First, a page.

January 28, 2023

North Cyprus nestıng beach_Photo by Inanç Tekgüç

Reader’s Mail….

As it is known, the green turtles, which are an endangered species, breed in our country. They spend most of their lives by feeding in a single region and migrate from this region to the beaches from where they hatched in order to nest.

At SPOT- the Society for the Protection of Turtles – we have seen that the number of turtles on our beaches is increasing in general, within the research we have carried out with the permission of the Environmental Protection Department and in cooperation with the University of Exeter. Especially since 1990, the number of nests on our Karpaz coasts has tripled.

This increase could not be explained only by the conservation work we carried out on the coasts because the feeding areas of the mothers are as vital as the spawning areas. In order to understand the reasons for this increase, we tracked 19 female green turtles nesting in the Karpaz Peninsula, one of the important spawning areas in our country, with monitoring devices. We found that 14 of them -74%- were feeding in the Bardawil Lagoon in Egypt.

Bardawil Lagoon is connected to the sea by a narrow strait opened by people. Thanks to this man-made narrow strait, marine species such as sea turtles can enter and exit the lake. Created for fishing in the 1950s, this lagoon has become an ideal feeding ground for adult green turtles.

Our board member, Dr. Damla Beton said, “Of course, although the increase in the number of green turtles makes us all very happy, the fact that this increase focuses on a single lagoon in Egypt is worrying. Namely, a change or disaster that could occur in this man made area of nature, where most of the mothers are fed, may cause a sudden decrease in the numbers in our country. It could even endanger the entire population.”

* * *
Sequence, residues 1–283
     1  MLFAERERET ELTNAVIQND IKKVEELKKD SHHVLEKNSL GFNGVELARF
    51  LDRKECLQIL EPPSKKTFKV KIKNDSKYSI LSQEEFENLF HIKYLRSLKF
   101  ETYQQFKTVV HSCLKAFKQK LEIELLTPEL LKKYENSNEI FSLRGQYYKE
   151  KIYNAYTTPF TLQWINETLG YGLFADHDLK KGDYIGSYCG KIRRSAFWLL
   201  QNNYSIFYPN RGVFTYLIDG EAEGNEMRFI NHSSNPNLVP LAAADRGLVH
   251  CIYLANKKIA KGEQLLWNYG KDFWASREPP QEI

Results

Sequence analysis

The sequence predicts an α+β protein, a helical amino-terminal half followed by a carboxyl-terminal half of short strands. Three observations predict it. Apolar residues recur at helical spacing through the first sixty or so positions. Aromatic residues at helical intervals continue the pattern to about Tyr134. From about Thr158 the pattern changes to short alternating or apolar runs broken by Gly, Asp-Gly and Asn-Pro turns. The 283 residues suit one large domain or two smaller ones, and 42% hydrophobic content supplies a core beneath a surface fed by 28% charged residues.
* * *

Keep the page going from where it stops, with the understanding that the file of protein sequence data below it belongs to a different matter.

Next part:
Our board member, Dr. Robin Snape, also said that many more of the mothers laying eggs in our country go to the Bardawil Lagoon to feed compared to 2010. Unfortunately, the number of individuals feeding on the coasts of Cyprus and Turkey is decreasing day by day, and this is probably due to the fact that they are victims of by-catch. He added; “We are working on new technologies to reduce the chances of turtles living in Cypriot waters getting caught in nets and dying, and we encourage and finance our fishermen to use these technologies.”

At SPOT, we would like to thank the TRNC Ministers of Environment and Tourism, Mr. Unal Ustel, who supported the realization of this work, and Mr. To Fikir Ataoğlu, Environmental Protection Department Managers, Mr. Abdullah Aktolgali and Mr. Osman Bora Çağakan, the Mayor of Dipkarpaz,  Mr Suphi Coşkun, and all SPOT volunteers who contributed.

The study, funded by the MAVA Foundation and the Natural Environment Research Council, is published in the scientific journal Global Ecology and Conservation, under the title “Mediterranean green turtle population recovery increasingly depends on Lake Bardawil, Egypt.”.

You can access the sea turtle migration routes used in the publication on the SPOT website at www.cyprusturtles.org.

Source (Turkish): SPOT – The Society for the Protection of Turtles

Leave a Reply

This site uses Akismet to reduce spam. Learn how your comment data is processed.

Translate » to your language
%d bloggers like this: